A letter has already been sent by WBRU and the Ornis Committee Chairman to Parliamentary Secretary Clint Camilleri in this regard
FKNK compelled to do a u-turn after bowing to pressure from its members who do not want better enforcement. The Federation has lost control of its members and all credibility
In reaction to the latest press release issued today by the Federation of Hunters, Trappers and Conservationists (FKNK), BirdLife Malta wants to make it clear that following interventions by Inspector Sheldon who leads the Administrative Law Enforcement (ALE) section of the police and Superintendent Curmi from the Gozo District, who were both invited to the Ornis Committee meeting of Wednesday 22nd August, the Chairman requested the approval of all members to inform the Environment Ministry on the need to set up a Wildlife Crime Unit as part of the Malta Police Force.
Contrary to what the FKNK is stating, all the Committee members, including the FKNK representatives themselves, unanimously agreed with this and in fact the letter has already been sent to Parliamentary Secretary Clint Camilleri.
BirdLife Malta insists that this u-turn by FKNK is the result of complaints by a substantial number of its members who are angry that Federation agreed to the setting up of a Wildlife Crime Unit. This clearly shows that the officials of the Federation have lost all control on the organisation which has been taken over by a group of members who are against better enforcement, contrary to what the general public, including law-abiding hunters, want.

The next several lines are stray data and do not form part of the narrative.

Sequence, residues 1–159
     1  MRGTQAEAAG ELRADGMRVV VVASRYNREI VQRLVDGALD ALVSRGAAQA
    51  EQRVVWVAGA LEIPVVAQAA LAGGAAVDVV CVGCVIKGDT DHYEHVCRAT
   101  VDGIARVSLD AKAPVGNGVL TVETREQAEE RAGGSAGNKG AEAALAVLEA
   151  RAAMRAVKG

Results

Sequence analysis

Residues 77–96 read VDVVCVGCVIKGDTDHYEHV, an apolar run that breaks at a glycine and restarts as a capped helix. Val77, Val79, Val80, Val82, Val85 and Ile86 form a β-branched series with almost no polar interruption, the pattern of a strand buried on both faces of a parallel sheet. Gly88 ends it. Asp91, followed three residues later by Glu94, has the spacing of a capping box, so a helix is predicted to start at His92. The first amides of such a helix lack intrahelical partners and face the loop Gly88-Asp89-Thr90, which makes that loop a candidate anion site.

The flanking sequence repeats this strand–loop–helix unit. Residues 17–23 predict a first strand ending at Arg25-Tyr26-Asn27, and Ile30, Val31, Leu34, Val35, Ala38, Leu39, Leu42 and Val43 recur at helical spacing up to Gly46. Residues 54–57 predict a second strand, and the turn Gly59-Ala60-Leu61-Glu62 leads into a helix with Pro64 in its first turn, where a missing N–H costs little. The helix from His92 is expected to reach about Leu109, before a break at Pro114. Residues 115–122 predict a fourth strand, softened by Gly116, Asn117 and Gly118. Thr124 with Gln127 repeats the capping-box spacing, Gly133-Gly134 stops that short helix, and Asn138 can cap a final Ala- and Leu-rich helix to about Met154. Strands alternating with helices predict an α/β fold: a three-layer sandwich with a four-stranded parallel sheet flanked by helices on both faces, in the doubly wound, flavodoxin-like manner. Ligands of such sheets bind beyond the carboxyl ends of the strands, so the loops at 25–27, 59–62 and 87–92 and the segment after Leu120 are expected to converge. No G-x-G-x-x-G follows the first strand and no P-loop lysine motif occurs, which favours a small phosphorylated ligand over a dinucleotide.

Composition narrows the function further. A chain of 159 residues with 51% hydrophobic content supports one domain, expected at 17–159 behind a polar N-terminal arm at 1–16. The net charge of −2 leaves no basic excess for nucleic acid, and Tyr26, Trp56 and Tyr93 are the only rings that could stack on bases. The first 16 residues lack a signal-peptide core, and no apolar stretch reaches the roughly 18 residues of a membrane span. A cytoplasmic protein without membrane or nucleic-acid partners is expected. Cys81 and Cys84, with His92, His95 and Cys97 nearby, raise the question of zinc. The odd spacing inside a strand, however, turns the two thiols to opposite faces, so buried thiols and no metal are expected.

Only those who want to continue breaking the law and shooting down protected birds stand to benefit if enforcement is not strengthened with a Wildlife Crime Unit. With the position adopted by FKNK, which is similar to the hunting lobby’s statement that the European Union is solely to blame for the illegal killing of the White Storks, the Federation has now lost all credibility both on a national and international level. FKNK has also lost all control of its members and is showing that it is not capable of standing strong by the principles of controlling illegal hunting.
In these circumstances BirdLife Malta reiterates its call on the Government to suspend the hunting season until 15th October and start planning the setting up of a Wildlife Crime Unit as soon as possible.
Despite this call made earlier this week, which was supported by Malta’s main eNGO’s, the autumn hunting season opened today and will remain open till the 31st of January 2019.
Read the Maltese version of the press release here.